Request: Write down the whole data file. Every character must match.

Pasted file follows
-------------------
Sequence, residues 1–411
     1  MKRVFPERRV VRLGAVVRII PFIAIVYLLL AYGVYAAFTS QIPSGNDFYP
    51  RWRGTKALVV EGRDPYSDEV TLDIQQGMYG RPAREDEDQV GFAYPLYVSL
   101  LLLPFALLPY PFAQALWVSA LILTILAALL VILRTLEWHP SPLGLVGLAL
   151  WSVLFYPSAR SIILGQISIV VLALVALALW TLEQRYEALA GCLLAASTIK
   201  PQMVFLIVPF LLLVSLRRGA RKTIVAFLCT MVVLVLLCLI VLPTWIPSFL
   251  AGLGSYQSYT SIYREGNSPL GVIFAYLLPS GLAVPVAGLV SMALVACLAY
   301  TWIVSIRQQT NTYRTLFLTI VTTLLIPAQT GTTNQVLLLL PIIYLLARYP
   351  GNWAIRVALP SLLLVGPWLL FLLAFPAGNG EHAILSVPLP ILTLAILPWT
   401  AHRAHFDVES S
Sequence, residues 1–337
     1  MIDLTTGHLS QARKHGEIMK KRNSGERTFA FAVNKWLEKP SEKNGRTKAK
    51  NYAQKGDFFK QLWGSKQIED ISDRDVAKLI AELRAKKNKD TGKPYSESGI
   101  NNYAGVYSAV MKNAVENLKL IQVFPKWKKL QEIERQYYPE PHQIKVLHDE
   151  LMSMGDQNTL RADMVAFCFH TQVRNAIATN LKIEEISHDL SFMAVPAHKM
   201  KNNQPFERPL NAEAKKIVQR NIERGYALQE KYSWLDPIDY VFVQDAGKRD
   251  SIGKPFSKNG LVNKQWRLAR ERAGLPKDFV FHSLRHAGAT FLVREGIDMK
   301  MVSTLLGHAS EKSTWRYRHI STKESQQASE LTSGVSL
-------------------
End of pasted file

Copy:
Sequence, residues 1–411
     1  MKRVFPERRV VRLGAVVRII PFIAIVYLLL AYGVYAAFTS QIPSGNDFYP
    51  RWRGTKALVV EGRDPYSDEV TLDIQQGMYG RPAREDEDQV GFAYPLYVSL
   101  LLLPFALLPY PFAQALWVSA LILTILAALL VILRTLEWHP SPLGLVGLAL
   151  WSVLFYPSAR SIILGQISIV VLALVALALW TLEQRYEALA GCLLAASTIK
   201  PQMVFLIVPF LLLVSLRRGA RKTIVAFLCT MVVLVLLCLI VLPTWIPSFL
   251  AGLGSYQSYT SIYREGNSPL GVIFAYLLPS GLAVPVAGLV SMALVACLAY
   301  TWIVSIRQQT NTYRTLFLTI VTTLLIPAQT GTTNQVLLLL PIIYLLARYP
   351  GNWAIRVALP SLLLVGPWLL FLLAFPAGNG EHAILSVPLP ILTLAILPWT
   401  AHRAHFDVES S
Sequence, residues 1–337
     1  MIDLTTGHLS QARKHGEIMK KRNSGERTFA FAVNKWLEKP SEKNGRTKAK
    51  NYAQKGDFFK QLWGSKQIED ISDRDVAKLI AELRAKKNKD TGKPYSESGI
   101  NNYAGVYSAV MKNAVENLKL IQVFPKWKKL QEIERQYYPE PHQIKVLHDE
   151  LMSMGDQNTL RADMVAFCFH TQVRNAIATN LKIEEISHDL SFMAVPAHKM
   201  KNNQPFERPL NAEAKKIVQR NIERGYALQE KYSWLDPIDY VFVQDAGKRD
   251  SIGKPFSKNG LVNKQWRLAR ERAGLPKDFV FHSLRHAGAT FLVREGIDMK
   301  MVSTLLGHAS EKSTWRYRHI STKESQQASE LTSGVSL